Barry’s main aim was to show that on a small piece of land in an ordinary estate, new homes could be integrated. Although similar in appearance they are in fact highly future-proofed, energy efficient homes designed to simplify rather than complicate. Affordable, comfortable living was the target and the homes look completely normal with a few added bits to generate heat and power, which, along with the highly insulated fabric, allows the home to have a running cost of around £5.00 a year for heat and power.
” It’s amazing what can happen when people in a project share a vision and adapt and adhere to a system that it can generate a number of real benefits.” – Barry Gallagher – Zero Home System
AFFORDABLE HOMES | Targeting the reduction/eradication of Fuel Poverty, leaving the tenant with dramatically reduced running costs, more disposable income and a better quality of life;
ENHANCED PROPERTY PORTFOLIO | –stronger assets by future proofing, delivers enhanced borrowing power and preferred loans for projects;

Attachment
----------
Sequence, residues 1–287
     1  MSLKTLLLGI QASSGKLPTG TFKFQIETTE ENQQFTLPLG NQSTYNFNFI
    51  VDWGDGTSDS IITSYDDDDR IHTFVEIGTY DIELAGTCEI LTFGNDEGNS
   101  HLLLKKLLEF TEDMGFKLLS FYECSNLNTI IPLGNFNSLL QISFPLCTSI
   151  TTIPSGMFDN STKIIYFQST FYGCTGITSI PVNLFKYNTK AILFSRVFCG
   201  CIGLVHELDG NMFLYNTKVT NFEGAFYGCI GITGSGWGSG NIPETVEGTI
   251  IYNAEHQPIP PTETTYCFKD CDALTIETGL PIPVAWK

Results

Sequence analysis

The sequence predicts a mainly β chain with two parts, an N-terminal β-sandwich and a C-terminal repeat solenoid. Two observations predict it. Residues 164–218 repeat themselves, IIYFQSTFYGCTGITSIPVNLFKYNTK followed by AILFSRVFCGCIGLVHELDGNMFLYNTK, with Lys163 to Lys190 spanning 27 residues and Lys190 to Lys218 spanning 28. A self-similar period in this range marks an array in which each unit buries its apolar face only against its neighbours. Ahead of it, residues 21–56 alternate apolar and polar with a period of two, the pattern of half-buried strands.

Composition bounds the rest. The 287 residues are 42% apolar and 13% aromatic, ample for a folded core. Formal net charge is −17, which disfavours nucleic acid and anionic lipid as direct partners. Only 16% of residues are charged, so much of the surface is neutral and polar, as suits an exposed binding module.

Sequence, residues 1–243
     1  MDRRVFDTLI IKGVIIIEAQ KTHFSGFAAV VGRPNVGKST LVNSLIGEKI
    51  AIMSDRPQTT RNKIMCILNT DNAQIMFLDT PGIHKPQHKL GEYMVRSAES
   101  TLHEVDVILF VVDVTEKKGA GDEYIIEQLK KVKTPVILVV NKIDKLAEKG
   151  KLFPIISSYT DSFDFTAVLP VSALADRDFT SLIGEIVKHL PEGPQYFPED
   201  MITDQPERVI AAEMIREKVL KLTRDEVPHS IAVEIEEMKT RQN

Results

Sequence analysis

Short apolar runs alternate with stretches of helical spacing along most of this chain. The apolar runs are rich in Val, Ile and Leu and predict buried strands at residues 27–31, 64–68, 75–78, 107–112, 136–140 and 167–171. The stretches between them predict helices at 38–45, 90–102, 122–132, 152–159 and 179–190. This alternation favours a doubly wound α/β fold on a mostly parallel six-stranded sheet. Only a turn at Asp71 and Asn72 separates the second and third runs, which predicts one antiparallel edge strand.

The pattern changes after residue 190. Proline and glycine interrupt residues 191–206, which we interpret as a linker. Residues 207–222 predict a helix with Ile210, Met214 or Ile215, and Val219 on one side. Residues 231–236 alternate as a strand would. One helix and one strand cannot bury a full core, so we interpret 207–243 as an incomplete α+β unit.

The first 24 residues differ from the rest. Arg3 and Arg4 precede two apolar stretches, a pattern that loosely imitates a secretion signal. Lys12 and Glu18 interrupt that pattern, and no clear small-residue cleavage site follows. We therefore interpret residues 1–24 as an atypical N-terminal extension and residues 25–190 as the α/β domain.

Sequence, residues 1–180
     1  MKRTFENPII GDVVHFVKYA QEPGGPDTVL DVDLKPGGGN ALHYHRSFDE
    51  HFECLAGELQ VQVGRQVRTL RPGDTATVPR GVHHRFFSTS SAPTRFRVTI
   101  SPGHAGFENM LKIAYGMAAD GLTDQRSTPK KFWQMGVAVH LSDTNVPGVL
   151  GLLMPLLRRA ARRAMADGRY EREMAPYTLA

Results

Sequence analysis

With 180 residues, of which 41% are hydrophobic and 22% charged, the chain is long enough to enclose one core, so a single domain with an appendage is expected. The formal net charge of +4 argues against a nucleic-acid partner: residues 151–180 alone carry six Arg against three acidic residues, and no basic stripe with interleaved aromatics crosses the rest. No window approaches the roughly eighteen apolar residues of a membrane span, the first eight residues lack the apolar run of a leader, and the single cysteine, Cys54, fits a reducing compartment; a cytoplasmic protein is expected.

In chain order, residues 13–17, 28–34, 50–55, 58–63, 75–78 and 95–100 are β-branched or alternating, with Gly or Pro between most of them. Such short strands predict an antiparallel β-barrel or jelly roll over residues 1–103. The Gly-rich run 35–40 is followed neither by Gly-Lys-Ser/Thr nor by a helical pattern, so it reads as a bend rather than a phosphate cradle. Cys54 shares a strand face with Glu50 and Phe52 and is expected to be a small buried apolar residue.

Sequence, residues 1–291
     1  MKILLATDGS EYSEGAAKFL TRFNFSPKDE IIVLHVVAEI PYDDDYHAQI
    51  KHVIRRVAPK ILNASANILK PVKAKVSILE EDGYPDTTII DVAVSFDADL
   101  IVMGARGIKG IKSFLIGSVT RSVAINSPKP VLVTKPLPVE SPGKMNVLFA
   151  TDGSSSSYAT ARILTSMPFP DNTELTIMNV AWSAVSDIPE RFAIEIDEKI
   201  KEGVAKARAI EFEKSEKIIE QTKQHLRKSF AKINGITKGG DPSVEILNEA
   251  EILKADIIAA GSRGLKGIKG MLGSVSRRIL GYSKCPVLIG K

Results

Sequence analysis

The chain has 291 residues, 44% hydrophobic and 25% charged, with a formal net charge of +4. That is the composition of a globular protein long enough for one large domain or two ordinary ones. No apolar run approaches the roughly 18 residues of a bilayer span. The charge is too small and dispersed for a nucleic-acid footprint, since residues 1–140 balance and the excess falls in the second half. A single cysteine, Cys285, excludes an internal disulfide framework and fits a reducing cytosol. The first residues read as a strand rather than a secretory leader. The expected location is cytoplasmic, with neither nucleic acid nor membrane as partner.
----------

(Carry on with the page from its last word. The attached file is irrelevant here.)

WHOLE OF LIFE | considers all the costs associated with the life of the building, from its inception to construction,occupation and operation and disposal;
LOWER MAINTENANCE COSTS | facilitating the management of rented units on a whole life basis and best return on investment through design methods;
THE CONCEPT GATHERS MOMENTUM | providing a strong economic case to attract Government grants/subsidies by facilitating the green agenda and meeting government targets.
GOING FORWARD | The housing sector has made progress in developing solutions to meet new tough performance standards, but the next challenge is bringing together the lessons learned into mainstream housing,in a cost-effective and practical manner.
It is time to be honest and move on from accepting the early days of“eco-bling” when some designers/developers were sticking a few photovoltaic (PV) or a solar thermal panel on the roof and calling it a green home. Without looking at and substantiating their real credentials some new constructions often amounted to no more than sales jargon.